Dog owners have been warned to be on the lookout for grass seeds while walking their pets, after one pooch almost died.

Archie, a 15-month-old cocker spaniel, needed major surgery to save his life after breathing in grass seeds.

Owner Laetisia Carter feared she may lose her beloved hound before a team at the hospital carried out the delicate two-hour procedure.

Now, after vets say the soggy summer has led to them seeing a surge in grass seeds cases, Laetisia is backing calls for other owners to be aware of the potential dangers.

The Argus: Cocker spaniel, Archie, became seriously ill after breathing in grass seeds while on a walkCocker spaniel, Archie, became seriously ill after breathing in grass seeds while on a walk (Image: My Family Vets)

“Archie is usually full of energy, but he was really off and wasn’t eating or drinking,” said Laetisia, from Chipping Norton.

“We had no idea what was causing it, but his breathing became laboured and he looked so unwell one evening we knew we had to get some help.

“He couldn’t really stand up and I was so worried I drove him straight to the hospital.”

Archie was given an X-ray and CT scans which showed he had a collapsed lung and two abscesses, containing a total of four seeds, in his chest cavity.

“The chances of these seeds not causing catastrophic complications was virtually nil, so surgery was required,” said Dr Peter Kettlewell, Clinical Director at Chipping Norton Veterinary Hospital, part of My Family Vets.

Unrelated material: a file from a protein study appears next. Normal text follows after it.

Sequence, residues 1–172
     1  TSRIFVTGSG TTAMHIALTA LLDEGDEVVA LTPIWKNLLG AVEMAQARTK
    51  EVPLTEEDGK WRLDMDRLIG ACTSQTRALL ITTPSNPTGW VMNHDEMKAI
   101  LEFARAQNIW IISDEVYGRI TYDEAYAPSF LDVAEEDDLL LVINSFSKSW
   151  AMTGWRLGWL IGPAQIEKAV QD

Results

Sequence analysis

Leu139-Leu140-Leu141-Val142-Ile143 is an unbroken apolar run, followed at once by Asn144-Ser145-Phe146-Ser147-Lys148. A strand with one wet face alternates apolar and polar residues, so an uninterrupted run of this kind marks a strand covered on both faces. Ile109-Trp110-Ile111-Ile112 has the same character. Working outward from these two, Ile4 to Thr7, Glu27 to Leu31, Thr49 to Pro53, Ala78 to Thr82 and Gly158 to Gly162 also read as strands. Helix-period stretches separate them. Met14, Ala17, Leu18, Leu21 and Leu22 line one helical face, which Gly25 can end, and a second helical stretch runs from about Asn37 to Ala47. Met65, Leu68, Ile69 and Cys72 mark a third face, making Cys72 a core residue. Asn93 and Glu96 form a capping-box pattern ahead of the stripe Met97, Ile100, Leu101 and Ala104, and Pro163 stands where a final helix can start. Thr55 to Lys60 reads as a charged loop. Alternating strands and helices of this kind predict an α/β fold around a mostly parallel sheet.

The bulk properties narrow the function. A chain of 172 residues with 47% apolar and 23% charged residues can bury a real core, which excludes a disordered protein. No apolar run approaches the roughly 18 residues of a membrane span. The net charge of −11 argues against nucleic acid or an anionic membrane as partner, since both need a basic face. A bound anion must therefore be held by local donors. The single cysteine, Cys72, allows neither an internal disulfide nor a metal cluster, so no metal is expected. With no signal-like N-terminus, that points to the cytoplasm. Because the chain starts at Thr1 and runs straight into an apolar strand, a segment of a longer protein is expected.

“These seeds could have been breathed in days or even weeks before."

“Although we see many problems caused by grass seeds every summer, we are having a particularly bad season this year. We have seen a lot of dogs with grass seeds not just in their paws and ears, but also inhaled."

“They can be really dangerous and dogs that sniff the grass heavily, like spaniels, are particularly prone to problems.”

Thankfully the major operation, which involved fully opening Archie’s chest, was a success and he was allowed home within 72 hours.

“He’s bouncy and happy again and we are just so grateful to everyone at the hospital for all they did,” said Laetisia

“I had absolutely no idea of the dangers before, but now I’ve seen these arrowhead grass seeds everywhere.

“I’ve really been thinking through where we take him on walks. I’ve been taking him more to woodland areas where there’s not such dense grass and lots of seeds.

“It was really worrying, and I’ve been trying to make as many people as possible aware of what can happen.”